For the first time in the entire run of Outlander, Claire and Jamie do not appear in an entire episode. This leaves the weight of “Down the Rabbit Hole” entirely on the shoulders of Brianna and Roger, which comes off with mixed results. To help carry the episode, Sophie Skelton (Brianna) is joined by the return of Tobias Menzies (Frank), and the two are featured in numerous flashbacks set during Brianna’s childhood.
The most interesting aspect of the episode comes after Brianna turns her ankle and passes out in the woods, only to wake up in Laoghaire’s house without any awareness of who this woman has been to her mother and father. We see a compassionate side of Laoghaire while she nurses Brianna back to health, but it isn’t long before the revelation of who Brianna is makes crazy Laoghaire reappear. The wounds of Jamie’s abandonment of her are as fresh as the day Claire returned into their lives, and her bitterness about having loved someone who doesn’t love her back has never healed. The episode takes great pains to show the juxtaposition of Laoghaire and Frank’s shared experience of unreturned love, and the psychic damage it has done to both of them.
The scenes between Frank and Brianna are intimate and filled with love. Even though she’s not his real daughter, he doesn’t love her any less. With Claire’s cold detachment, and disinterest in her relationship with Frank, Brianna really is Frank’s only family. There’s a scene where Frank desperately wants to tell Brianna the truth about he and Claire’s relationship, as well as Jamie’s involvement in their lives, but he just can’t do it. He knows it isn’t his place to reveal this truth to her, so he pulls back from the brink of revealing everything, leaving it to Claire to do after his death. Menzies shines in his return to Outlander, and his appearances are easily the highlight of the entire episode, culminating with him as a vision to let Brianna know he’ll always be with her.
Watching Brianna retrace her mother’s footsteps through the Highlands is interesting, as is the view into the relationship between Ian as a messenger on the failed promises of taking care of Laoghaire, and Laoghaire’s continued resentment. It might be the first glimpse into the longstanding damage Claire and Jamie’s relationship has left in its wake even years afterward. The ease with which Brianna integrates into the 1700’s is a little harder to believe than it was for Claire, who had already been through the trials and tribulations of war and rationing. At every turn Brianna is helped along her way, first by Laoghaire (until she turns on Brianna) and next with Ian who ponies up the money for Brianna’s passage to the New World, as well as a whole wardrobe of clothes Claire used to wear. Everything comes a little too easy for her, which is the opposite of what Roger experiences this episode.
Brianna’s ability to travel through time may be linked to Claire, as well as the birthmark she carries on her neck, but Roger’s ability to do the same isn’t so clear. I’m not sure what makes him or his cousin believe he can pass through the stones at Craigh Na Dun, but he slips through time just as easily as any of them. He does hear a noise coming from the stones that sounds like thousands of flies buzzing. Things are harder for Roger than they are for Brianna, and though he does find passage to North Carolina as a ship hand, it is unfortunately with Stephen Bonnet as the Captain. It isn’t long before Roger sees the psychopathic nature of Bonnet in full force, as Bonnet throws a young child overboard fearing it has smallpox and will spread to and kill them all. Danger and death are nearer at hand for Roger than Brianna, and after attempting to save a woman and her baby from Bonnet’s wrath, he’s found out and nearly murdered by Bonnet. Roger’s life comes down to the flip of a coin, and Bonnet spares his life. The past isn’t as romantic as the books he’s read about it, and if it weren’t for Brianna, he’d probably turn back.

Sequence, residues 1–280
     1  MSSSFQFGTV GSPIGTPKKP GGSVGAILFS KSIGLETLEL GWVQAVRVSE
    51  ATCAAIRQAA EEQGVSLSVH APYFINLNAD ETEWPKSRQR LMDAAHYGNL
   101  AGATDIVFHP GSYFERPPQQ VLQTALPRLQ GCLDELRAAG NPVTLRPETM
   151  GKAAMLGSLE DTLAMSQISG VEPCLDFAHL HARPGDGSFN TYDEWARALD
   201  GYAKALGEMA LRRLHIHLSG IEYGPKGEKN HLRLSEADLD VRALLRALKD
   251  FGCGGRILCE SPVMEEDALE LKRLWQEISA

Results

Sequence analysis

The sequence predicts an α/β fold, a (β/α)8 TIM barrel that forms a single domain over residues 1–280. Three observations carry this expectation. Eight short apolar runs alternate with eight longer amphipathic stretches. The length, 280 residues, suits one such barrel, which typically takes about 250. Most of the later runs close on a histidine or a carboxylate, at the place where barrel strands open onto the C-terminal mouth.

I like Sophie Skelton, she looks the part of Claire and Jamie’s child, but she just doesn’t have the acting chops to carry an episode by herself. Her acting, but mostly her delivery of dialogue, is wooden and flat, and has been since she joined the cast of Outlander. This is most prominently on display in her scenes with Tobias Menzies, but also with Laoghaire, and Ian. It’s a shame, because she’s good when not a lot is asked of her, but in emotional scenes and situations there’s always something missing. I haven’t read any of the books yet, so I have no idea how prominent Brianna is in the narrative of the coming story, but if there is ever a place in the Outlander timeline where Claire and Jamie fade out and Brianna and Roger take their place, the show is going to be in a lot of trouble. It’s not just the character of Brianna that is off. This season seems to be missing some of the magic that made Outlander so watchable in the past. I hope things turn around in the next six episodes, but so far I’ve been underwhelmed by season 4.
Season 4, Episode 07 (S04E07)
Outlander airs Sundays at 9PM on Starz
For six months out of the year Jeff is holed up in his home with nothing to do but shovel snow, watch television, write, and dream of warmer climates.
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